In sum, while many factors can presage a bull-market-ending economic recession, high global interest rates are not likely among them. Yet for economies that today are inherently fragile, any tilt away from the extraordinary low-rate era can prompt quakes now and then.

Enjoyed this article? Subscribe to receive updates to the PIMCO Blog.

SUBSCRIBE
The Author

Tony Crescenzi

Portfolio Manager, Market Strategist

View Profile

Latest Insights

Related

Disclosures

London
PIMCO Europe Ltd
11 Baker Street
London W1U 3AH, England
+44 (0) 20 3640 1000

Dublin
PIMCO Europe GmbH Irish Branch,
PIMCO Global Advisors (Ireland)
Limited
3rd Floor, Harcourt Building 57B Harcourt Street
Dublin D02 F721, Ireland
+353 (0) 1592 2000

Munich
PIMCO Europe GmbH
Seidlstraße 24-24a
80335 Munich, Germany
+49 (0) 89 26209 6000

Milan
PIMCO Europe GmbH - Italy
Corso Matteotti 8
20121 Milan, Italy
+39 02 9475 5400

Zurich
PIMCO (Schweiz) GmbH
Brandschenkestrasse 41
8002 Zurich, Switzerland
Tel: + 41 44 512 49 10

PIMCO Europe Ltd (Company No. 2604517) is authorised and regulated by the Financial Conduct Authority (12 Endeavour Square, London E20 1JN) in the UK. The services provided by PIMCO Europe Ltd are not available to retail investors, who should not rely on this communication but contact their financial adviser. PIMCO Europe GmbH (Company No. 192083, Seidlstr. 24-24a, 80335 Munich, Germany), PIMCO Europe GmbH Italian Branch (Company No. 10005170963), PIMCO Europe GmbH Irish Branch (Company No. 909462), PIMCO Europe GmbH UK Branch (Company No. BR022803) and PIMCO Europe GmbH Spanish Branch (N.I.F. W2765338E) are authorised and regulated by the German Federal Financial Supervisory Authority (BaFin) (Marie- Curie-Str. 24-28, 60439 Frankfurt am Main) in Germany in accordance with Section 32 of the German Banking Act (KWG). The Italian Branch, Irish Branch, UK Branch and Spanish Branch are additionally supervised by: (1) Italian Branch: the Commissione Nazionale per le Società e la Borsa (CONSOB) in accordance with Article 27 of the Italian Consolidated Financial Act; (2) Irish Branch: the Central Bank of Ireland in accordance with Regulation 43 of the European Union (Markets in Financial Instruments) Regulations 2017, as amended; (3) UK Branch: the Financial Conduct Authority; and (4) Spanish Branch: the Comisión Nacional del Mercado de Valores (CNMV) in accordance with obligations stipulated in articles 168 and 203 to 224, as well as obligations contained in Tile V, Section I of the Law on the Securities Market (LSM) and in articles 111, 114 and 117 of Royal Decree 217/2008, respectively. The services provided by PIMCO Europe GmbH are available only to professional clients as defined in Section 67 para. 2 German Securities Trading Act (WpHG). They are not available to individual investors, who should not rely on this communication.| PIMCO (Schweiz) GmbH (registered in Switzerland, Company No. CH-020.4.038.582-2) . The services provided by PIMCO (Schweiz) GmbH are not available to retail investors, who should not rely on this communication but contact their financial adviser.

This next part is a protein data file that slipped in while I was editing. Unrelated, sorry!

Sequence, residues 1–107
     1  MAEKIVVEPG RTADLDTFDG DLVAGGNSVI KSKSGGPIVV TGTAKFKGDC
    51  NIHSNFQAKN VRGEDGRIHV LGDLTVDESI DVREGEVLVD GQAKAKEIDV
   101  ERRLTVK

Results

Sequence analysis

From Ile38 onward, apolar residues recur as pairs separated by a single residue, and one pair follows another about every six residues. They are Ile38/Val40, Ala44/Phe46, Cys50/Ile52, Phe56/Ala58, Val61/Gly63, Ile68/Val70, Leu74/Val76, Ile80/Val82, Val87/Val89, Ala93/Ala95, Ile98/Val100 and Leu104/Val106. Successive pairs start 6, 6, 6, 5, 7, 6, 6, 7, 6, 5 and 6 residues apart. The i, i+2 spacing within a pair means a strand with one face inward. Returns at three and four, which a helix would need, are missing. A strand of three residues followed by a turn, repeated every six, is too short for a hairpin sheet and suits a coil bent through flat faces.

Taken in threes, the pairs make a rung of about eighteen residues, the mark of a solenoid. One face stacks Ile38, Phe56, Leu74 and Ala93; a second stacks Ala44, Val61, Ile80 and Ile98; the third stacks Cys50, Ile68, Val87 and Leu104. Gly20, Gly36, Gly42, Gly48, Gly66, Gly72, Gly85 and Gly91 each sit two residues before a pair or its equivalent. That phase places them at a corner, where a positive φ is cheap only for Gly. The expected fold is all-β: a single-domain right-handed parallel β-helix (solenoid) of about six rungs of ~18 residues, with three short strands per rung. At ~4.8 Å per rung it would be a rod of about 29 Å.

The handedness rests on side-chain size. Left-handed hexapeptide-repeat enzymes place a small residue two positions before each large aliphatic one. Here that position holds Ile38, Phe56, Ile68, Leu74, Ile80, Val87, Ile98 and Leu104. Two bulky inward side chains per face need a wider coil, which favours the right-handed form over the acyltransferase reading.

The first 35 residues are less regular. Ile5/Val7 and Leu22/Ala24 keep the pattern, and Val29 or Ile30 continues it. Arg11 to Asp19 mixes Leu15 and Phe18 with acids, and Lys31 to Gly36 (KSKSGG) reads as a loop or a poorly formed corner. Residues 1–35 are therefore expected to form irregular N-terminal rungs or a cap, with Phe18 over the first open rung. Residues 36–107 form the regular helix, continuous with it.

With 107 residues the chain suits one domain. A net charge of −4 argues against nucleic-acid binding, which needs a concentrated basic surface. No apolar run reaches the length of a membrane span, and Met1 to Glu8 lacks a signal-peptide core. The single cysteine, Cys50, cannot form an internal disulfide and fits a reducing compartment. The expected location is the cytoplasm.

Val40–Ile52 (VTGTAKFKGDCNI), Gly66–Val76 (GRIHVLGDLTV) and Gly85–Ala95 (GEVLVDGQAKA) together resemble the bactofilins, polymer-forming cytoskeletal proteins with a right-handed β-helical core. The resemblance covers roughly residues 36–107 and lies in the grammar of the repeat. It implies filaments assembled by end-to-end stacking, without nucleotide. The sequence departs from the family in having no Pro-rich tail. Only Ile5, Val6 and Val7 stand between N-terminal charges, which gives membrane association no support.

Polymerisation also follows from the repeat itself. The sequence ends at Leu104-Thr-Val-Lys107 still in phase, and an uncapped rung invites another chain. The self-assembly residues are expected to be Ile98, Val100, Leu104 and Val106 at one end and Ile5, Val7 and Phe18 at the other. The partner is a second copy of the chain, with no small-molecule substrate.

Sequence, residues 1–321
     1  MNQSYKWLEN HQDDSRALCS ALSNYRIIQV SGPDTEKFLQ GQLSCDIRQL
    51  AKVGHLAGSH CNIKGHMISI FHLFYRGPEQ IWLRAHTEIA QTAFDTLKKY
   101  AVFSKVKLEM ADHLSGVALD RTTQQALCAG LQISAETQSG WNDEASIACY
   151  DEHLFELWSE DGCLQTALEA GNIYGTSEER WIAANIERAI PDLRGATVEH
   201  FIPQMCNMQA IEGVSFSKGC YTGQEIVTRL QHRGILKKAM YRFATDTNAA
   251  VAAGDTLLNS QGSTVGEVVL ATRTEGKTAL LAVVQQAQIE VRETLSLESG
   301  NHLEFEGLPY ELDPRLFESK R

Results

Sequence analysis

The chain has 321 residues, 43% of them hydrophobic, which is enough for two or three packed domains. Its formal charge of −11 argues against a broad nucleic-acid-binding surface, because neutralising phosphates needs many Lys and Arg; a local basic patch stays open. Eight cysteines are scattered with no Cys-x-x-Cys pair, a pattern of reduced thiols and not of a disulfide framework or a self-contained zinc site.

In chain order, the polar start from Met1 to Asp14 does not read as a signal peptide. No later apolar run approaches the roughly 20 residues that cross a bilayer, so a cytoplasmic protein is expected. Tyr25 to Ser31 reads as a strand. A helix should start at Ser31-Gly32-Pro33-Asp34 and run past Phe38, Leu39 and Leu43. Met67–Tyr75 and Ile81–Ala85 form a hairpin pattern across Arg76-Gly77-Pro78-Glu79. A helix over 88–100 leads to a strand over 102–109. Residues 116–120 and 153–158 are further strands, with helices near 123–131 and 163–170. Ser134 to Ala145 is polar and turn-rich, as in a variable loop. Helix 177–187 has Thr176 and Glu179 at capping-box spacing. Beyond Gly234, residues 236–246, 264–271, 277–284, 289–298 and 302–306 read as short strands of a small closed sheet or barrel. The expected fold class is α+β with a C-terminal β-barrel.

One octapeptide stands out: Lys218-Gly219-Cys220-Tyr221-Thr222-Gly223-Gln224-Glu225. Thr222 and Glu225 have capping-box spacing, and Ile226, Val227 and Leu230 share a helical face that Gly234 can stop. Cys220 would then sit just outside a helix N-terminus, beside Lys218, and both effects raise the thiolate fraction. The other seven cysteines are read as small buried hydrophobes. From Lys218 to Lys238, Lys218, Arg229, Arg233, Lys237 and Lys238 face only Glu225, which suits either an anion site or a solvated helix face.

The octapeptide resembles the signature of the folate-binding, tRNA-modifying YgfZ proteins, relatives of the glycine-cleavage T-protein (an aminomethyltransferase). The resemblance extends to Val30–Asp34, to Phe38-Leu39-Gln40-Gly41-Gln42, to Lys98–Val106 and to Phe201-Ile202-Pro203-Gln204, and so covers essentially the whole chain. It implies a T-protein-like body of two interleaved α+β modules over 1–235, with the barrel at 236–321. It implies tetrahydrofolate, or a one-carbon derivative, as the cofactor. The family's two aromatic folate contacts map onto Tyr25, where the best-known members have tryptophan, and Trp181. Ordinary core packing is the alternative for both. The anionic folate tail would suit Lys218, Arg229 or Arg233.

Looking Beyond Market Stabilization to the Future Path of Monetary Policy
XDismiss Next Article
PIMCO

LU

unidentified

[change]

Subscribe
Please input a valid email address.